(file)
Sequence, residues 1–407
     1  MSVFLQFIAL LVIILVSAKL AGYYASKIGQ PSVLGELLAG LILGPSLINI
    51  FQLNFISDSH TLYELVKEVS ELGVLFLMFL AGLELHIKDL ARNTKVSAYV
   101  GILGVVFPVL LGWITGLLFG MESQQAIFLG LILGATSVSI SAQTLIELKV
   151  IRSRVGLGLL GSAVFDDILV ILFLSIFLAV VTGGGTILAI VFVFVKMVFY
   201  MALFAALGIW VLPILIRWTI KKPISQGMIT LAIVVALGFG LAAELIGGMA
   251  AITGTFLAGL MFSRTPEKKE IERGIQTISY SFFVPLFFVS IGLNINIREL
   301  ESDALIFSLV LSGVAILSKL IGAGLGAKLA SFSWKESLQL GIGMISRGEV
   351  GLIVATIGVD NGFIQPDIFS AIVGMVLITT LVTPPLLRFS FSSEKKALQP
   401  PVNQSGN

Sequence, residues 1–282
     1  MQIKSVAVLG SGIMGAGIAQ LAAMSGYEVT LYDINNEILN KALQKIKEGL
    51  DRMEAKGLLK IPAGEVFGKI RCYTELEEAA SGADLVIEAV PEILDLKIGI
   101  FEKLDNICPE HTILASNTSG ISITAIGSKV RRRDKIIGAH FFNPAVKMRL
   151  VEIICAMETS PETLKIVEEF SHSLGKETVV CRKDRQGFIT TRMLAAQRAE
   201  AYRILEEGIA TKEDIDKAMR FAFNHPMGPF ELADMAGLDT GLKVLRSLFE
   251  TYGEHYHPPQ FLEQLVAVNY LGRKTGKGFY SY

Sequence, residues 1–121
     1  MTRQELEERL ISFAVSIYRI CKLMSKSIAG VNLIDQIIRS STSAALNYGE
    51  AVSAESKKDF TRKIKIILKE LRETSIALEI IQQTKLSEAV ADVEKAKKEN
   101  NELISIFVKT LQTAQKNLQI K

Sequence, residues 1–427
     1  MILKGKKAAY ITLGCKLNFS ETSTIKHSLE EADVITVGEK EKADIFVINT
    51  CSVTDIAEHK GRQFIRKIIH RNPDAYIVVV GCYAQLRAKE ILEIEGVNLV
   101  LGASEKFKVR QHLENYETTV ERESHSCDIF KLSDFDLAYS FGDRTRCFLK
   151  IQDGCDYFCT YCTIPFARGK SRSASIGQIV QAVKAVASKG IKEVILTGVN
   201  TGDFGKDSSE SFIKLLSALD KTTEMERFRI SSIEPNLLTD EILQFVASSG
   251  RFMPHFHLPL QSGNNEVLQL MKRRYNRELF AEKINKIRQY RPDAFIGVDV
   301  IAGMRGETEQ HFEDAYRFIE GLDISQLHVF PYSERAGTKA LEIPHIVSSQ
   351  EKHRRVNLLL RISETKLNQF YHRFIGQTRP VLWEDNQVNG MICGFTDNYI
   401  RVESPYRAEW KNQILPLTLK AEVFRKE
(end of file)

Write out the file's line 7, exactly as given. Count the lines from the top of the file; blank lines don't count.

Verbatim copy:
   251  AITGTFLAGL MFSRTPEKKE IERGIQTISY SFFVPLFFVS IGLNINIREL